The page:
Sure.

By my count that's val_clamp, val_abs, store_sqrt, and store_pow. The fixed_point stuff isn't clear to me as yet, but I'll touch on it at the end.

**val_clamp** - This operation takes a value and forces it into a range. Whatever values the first argument may have had before, after the val_clamp it will be no lower than the second argument (the minimum value) and it will be strictly less than the third argument (the maximum value). This is 100% equivalent to calling (val_min, <value>, (<upper_bound> - 1)), then (val_max, <value>, <lower_bound>).

**val_abs** - Absolute value. If <value> is positive or zero, it's unchanged. If negative, the negative sign is stripped off, and the result (now positive) is returned.

**store_sqrt** - Square root. Stores the square root of the second argument. Note that this uses "fixed point" values, see below.

**store_pow** - Power or exponent. The comment in module_operations is incorrect for this - it's a copy-paste from store_sqrt above it. Raises one value to the power of a second value. The last argument is the exponent - the power - and the middle one is the base - the thing being squared, cubed, or otherwise exponentiated. Thus for example (store_pow, ":result", 5, 2) would put 25 into the result var - five squared.* If the last argument had been three instead, the result would be 125 - five cubed.

*[With a fixed_point_multiplier of 1 (the default), technically. You almost certainly don't want to ever use this operation with fixed_point_multiplier set to any other value unless that turns out to enable decimal values, and even then with extreme care. For example, 5^2 (= 25) is hardly equivalent to one-tenth of 50^20 (= almost 10 million billion billion billion)!]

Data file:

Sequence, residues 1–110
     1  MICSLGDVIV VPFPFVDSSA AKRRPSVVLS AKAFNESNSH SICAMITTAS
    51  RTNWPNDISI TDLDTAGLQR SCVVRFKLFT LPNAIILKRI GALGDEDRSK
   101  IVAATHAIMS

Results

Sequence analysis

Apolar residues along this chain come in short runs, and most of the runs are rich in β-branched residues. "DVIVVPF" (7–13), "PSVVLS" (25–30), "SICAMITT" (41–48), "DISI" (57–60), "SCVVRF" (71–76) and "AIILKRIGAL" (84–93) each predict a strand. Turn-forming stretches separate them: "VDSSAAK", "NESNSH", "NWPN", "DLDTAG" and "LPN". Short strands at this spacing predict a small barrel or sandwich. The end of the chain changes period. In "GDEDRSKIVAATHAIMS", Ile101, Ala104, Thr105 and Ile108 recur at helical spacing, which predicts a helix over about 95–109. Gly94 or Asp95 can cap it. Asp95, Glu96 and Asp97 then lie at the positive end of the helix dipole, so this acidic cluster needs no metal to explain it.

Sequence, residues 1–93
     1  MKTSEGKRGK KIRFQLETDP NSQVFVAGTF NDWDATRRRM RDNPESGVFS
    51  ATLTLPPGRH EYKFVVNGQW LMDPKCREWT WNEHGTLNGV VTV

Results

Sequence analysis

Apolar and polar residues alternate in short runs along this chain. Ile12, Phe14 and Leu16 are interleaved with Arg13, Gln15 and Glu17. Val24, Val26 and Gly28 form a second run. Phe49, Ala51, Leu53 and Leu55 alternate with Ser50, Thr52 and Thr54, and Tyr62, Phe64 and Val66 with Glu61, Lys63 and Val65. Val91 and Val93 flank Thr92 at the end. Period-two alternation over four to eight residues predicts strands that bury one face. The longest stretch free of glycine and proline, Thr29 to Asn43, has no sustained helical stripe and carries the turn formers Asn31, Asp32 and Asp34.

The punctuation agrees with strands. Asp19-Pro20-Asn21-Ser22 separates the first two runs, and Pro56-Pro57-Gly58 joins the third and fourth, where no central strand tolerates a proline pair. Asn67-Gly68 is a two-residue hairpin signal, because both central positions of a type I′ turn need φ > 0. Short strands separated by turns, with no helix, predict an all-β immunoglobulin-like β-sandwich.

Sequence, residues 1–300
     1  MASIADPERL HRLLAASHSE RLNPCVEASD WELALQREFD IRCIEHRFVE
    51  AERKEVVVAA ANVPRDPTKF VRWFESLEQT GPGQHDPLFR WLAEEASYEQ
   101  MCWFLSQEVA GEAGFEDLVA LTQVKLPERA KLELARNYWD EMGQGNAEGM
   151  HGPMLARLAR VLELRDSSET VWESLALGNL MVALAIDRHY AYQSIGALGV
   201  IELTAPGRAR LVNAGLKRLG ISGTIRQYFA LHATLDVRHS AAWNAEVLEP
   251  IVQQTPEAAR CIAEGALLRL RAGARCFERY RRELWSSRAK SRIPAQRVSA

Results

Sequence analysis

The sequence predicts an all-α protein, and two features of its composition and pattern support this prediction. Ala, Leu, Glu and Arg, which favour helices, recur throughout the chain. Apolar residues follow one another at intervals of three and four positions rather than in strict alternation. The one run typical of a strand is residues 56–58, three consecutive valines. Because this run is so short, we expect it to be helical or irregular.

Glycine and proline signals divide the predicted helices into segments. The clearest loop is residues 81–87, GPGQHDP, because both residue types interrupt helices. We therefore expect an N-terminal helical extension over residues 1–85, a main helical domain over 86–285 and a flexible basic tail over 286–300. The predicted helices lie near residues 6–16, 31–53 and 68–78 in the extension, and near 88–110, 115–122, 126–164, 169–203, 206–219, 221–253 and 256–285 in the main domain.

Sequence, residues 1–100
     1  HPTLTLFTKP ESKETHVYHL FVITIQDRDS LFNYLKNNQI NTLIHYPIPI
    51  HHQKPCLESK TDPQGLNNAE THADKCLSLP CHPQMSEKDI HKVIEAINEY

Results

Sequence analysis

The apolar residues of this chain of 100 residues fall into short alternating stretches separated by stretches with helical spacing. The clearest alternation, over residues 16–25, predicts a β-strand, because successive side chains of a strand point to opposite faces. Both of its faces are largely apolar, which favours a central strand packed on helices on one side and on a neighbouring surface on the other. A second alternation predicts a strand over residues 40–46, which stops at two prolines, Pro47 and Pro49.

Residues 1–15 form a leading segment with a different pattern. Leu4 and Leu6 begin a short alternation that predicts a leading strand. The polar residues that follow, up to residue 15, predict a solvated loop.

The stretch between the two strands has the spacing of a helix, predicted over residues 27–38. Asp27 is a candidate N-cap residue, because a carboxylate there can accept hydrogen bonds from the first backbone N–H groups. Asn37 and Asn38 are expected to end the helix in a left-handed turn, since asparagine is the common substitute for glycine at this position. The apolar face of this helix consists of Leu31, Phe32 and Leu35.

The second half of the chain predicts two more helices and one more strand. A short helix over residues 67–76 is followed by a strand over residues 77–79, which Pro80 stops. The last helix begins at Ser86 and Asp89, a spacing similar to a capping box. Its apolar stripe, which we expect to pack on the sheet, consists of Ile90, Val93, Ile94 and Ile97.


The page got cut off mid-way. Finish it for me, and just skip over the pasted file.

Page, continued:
As I said, fixed_point_multiplier is unclear to me. I'm still figuring out exactly how Armagan's using it. It appears to be a way to affect how much precision you obtain from various activities like square roots and position_get_x calls. For instance, it's clear that with a multiplier of 1, we're talking integer math and positions in *meters*, not centimeters. (I'm picturing ported Schattenlander potions flying kilometers away unless I get this right!) Thus if I were standing 275cm in Y from a scene prop, called a pair of (position_get_y) and subtracted them, I'd get an answer of 2. If I asked for the square root of twelve I'd get three. It appears that a fixed point multplier higher than this is used to get better precision, mostly for intermediate calculations since ultimately we still need an integer value. If I set the multiplier to 100 and did those two operations again, I'd get 275 from the position_y subtraction, and... um... 346 from the square root (root 12 = 3.64). In either case, if I didn't do anything else with it and just ran convert_from_fixed_point on my answer, the influence of the multiplier would go away; I'd end up with 2 and 3, respectively, again. What this lets us do, though, is add (say) a pair of square roots together, and lose less of our rounding in the process.

I think.